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Crystal structures of increasingly large molecules: meeting the challenges with CRYSTALS software

Background: The size and complexity of molecules being studied by single crystal diffraction is growing year by year, resulting in an increase in the difficulties encountered during structure determination. From the crystallisation itself and sample handling, to structure solution and refinement, specific problems due to larger molecules are discussed. Results: During refinement, several methods are available to deal with the problems encountered with large structures within the software Crystals. Hydrogens atoms can neither be found easily nor refined freely, but restraints can be applied automatically. Special scattering factors can be used to model complex disorder. Finally chemical information can be included in the form of restraints in order to help the determination of a good model.Multicollinearity problems are more likely in the refinement of large structures; to some extent more precise and accurate algorithms can help. Also, if the global minimum is less well defined, faster refinement enables more cycles to be carried out, a necessity for good convergence. The efficiency of the algorithms in Crystals have been increased to help address these issues. Conclusions: Thus, crystal structures are getting larger and their complexity is increasing. Recent developments in precision and speed during the least squares in Crystals is helping the structural scientist to deal with larger structures more efficiently.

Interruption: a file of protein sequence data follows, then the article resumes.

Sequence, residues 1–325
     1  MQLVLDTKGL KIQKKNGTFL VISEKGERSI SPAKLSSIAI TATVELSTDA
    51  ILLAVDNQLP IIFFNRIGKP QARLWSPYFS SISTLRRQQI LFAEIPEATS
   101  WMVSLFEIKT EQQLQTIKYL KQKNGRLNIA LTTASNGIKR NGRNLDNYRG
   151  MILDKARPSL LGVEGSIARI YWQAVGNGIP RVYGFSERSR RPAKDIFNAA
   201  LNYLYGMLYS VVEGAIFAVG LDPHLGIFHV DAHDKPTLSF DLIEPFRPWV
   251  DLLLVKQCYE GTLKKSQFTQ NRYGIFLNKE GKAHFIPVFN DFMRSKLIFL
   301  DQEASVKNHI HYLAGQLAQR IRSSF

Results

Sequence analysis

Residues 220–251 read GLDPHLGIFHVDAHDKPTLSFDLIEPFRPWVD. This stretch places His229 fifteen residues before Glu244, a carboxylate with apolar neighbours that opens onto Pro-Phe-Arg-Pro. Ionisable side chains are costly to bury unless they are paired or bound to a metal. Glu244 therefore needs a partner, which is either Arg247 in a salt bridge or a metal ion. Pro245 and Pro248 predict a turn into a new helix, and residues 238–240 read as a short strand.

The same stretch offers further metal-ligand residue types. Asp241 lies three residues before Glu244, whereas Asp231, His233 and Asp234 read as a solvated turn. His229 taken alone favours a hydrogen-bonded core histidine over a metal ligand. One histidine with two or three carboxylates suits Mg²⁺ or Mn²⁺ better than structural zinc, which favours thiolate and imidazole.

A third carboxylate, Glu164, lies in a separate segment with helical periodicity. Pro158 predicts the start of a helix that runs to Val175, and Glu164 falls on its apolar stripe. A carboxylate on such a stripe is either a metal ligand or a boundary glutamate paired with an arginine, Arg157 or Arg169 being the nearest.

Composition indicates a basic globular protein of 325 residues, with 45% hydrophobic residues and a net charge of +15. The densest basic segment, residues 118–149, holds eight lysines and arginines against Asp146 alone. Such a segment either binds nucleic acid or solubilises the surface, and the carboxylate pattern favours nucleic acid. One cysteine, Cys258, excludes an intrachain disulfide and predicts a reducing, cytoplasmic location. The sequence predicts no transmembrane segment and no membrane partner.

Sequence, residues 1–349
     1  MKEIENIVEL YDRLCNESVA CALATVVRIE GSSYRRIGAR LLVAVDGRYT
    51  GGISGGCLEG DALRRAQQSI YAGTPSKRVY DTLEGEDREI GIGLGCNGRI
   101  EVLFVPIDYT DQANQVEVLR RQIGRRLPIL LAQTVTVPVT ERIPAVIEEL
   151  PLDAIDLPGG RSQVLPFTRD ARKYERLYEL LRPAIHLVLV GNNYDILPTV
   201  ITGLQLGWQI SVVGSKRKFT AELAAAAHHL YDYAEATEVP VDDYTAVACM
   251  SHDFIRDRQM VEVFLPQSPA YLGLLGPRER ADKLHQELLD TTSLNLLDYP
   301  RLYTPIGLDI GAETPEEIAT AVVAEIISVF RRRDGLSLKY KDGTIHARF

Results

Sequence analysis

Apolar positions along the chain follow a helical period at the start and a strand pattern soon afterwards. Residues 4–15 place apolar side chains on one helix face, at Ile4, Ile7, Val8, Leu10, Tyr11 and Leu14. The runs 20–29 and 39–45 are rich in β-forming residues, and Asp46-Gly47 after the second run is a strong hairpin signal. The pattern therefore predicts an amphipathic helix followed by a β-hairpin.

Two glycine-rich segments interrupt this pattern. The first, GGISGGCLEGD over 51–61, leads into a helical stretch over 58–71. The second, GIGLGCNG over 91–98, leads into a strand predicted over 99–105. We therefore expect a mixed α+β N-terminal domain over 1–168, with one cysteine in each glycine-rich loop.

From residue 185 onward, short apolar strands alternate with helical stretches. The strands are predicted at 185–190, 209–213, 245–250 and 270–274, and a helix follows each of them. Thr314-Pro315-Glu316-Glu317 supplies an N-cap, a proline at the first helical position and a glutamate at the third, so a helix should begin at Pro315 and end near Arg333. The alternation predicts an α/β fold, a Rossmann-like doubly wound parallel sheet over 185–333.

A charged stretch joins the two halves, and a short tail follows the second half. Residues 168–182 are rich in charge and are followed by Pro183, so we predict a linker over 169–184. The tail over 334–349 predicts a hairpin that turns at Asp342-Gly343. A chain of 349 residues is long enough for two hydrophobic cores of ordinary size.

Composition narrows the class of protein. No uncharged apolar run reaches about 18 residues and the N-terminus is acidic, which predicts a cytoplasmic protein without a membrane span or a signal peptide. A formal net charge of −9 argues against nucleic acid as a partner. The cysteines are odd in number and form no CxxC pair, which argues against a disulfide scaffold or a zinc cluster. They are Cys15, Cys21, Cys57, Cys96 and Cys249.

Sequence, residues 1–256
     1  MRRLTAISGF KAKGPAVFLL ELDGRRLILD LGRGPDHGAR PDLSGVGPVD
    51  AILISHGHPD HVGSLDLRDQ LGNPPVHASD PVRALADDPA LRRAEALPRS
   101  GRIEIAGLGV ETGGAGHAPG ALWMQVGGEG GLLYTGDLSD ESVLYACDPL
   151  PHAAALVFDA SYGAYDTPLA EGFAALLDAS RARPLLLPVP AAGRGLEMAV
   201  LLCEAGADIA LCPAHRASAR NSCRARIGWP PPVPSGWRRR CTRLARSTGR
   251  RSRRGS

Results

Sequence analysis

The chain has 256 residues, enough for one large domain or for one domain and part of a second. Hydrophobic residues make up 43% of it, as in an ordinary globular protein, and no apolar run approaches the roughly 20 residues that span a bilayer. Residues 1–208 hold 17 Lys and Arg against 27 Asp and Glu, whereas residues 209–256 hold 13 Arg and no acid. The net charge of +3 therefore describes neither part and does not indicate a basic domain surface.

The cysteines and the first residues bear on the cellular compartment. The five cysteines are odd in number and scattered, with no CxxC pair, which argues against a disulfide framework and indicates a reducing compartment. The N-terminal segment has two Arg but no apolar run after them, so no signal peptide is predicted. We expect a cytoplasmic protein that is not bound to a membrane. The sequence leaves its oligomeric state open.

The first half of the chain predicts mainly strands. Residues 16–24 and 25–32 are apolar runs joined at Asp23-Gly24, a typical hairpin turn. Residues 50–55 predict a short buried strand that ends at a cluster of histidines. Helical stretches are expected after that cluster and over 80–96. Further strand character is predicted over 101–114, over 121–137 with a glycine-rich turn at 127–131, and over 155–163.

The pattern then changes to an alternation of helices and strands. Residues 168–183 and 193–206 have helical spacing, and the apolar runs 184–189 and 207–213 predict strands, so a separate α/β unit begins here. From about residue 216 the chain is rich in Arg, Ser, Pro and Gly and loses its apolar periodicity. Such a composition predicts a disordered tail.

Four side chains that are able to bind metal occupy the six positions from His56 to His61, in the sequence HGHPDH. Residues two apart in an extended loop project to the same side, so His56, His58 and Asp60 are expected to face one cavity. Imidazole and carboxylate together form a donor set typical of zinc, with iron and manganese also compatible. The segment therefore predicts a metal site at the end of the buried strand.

Authors:   Parois, Pascal; Cooper, Richard I; Thompson, Amber L
Journal:   Chemistry Central Journal
Volume:   ${item.volume}
edition:   1
Year:   2015
Pages:   30
DOI:   10.1186/s13065-015-0105-4
Publication date:   24-May-2015
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